Meant to be viewed as guidelines for those
who care about the land, Leave No Trace principles were developed in
cooperation with the U.S. Forest Service, National Park Service, Bureau of
Land Management, and U.S. Fish and Wildlife Service. The Seven Principles
- Plan Ahead and Prepare. Know the terrain and any
regulations applicable to the area you're planning to visit, and be
prepared for extreme weather or other emergencies. This will enhance
your enjoyment and ensure that you've chosen an appropriate destination.
Small groups have less impact on resources and the experience of other
- Travel and Camp on Durable Surfaces. Travel and
camp on established trails and campsites, rock, gravel, dry grasses, or
snow. Good campsites are found, not made. Camp at least 200 feet from
lakes and streams, and focus activities on areas where vegetation is
absent. In pristine areas, disperse use to prevent the creation of
campsites and trails.
- Dispose of Waste Properly. Pack it in, pack it out.
Inspect your camp for trash or food scraps. Deposit solid human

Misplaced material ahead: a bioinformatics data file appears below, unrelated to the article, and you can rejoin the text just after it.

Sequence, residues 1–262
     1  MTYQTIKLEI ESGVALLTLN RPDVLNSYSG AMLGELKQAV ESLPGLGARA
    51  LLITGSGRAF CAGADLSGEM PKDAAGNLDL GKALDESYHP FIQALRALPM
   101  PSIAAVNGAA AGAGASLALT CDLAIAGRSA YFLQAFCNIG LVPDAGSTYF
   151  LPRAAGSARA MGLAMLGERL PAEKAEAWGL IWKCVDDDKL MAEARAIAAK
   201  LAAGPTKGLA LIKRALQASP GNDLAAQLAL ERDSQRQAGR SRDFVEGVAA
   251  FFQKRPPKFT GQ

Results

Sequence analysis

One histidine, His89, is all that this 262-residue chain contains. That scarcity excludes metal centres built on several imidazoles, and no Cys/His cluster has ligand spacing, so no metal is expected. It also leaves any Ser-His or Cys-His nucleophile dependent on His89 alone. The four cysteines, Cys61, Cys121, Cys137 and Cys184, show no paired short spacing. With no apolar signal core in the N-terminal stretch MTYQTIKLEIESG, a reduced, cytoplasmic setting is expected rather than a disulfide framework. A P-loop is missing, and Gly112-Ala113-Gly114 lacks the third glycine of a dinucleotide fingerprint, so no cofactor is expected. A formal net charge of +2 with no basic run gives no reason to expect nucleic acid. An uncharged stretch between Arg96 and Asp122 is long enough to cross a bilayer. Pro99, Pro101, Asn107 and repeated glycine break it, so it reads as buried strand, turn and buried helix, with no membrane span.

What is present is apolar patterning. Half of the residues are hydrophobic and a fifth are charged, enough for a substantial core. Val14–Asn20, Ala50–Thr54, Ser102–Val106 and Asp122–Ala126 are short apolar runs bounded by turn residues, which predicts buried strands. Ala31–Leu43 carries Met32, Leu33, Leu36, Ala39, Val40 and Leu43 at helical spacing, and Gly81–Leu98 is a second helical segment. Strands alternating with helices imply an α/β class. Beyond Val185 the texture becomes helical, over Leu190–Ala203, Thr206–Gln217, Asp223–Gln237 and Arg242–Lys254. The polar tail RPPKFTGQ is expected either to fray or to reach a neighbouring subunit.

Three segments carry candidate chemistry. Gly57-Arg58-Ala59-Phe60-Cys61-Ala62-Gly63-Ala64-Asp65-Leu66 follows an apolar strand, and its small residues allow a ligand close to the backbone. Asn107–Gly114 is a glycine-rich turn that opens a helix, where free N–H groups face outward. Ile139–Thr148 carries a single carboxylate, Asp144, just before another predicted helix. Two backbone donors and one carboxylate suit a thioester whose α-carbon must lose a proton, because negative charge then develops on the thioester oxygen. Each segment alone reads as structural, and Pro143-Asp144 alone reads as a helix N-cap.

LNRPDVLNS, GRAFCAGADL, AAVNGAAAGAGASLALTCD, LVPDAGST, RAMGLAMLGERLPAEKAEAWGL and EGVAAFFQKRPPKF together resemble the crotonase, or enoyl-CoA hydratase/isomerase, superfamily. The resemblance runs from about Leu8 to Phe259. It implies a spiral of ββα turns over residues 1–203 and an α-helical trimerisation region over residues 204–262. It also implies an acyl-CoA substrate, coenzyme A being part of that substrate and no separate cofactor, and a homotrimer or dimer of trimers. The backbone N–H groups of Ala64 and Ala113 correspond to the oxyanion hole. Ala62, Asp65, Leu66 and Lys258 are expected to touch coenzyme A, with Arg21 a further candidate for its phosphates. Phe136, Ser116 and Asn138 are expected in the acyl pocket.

waste in catholes dug six to eight inches, at least 200 feet from water,
camp and trails. Pack out toilet paper and hygiene products. To wash
yourself or your dishes, carry water 200 feet away from streams or lakes
and use small amounts of biodegradable soap. Scatter strained
- Leave What You Find.Cultural or historic artifacts,
as well as natural objects such as plants or rocks, should be left as
- Minimize Campfire Impacts. Cook on a stove. Use
established fire rings, fire pans, or mound fires. If a campfire is
built, keep it small and use dead sticks found on the
- Respect Wildlife. Observe wildlife from a distance.
Feeding wildlife alters their natural behavior. Protect wildlife from
your food by storing rations and trash securely.
- Be Considerate of Other Visitors. Be courteous,
respect the quality of other visitors backcountry experience, and let
nature's sounds prevail.
To learn more about these principles, take a Master Educator course.
View our current
course schedule to register for a course in the White Mountains of New
Hampshire or in other locations throughout the northeast. For more
information about the Leave No Trace principles and the national Leave No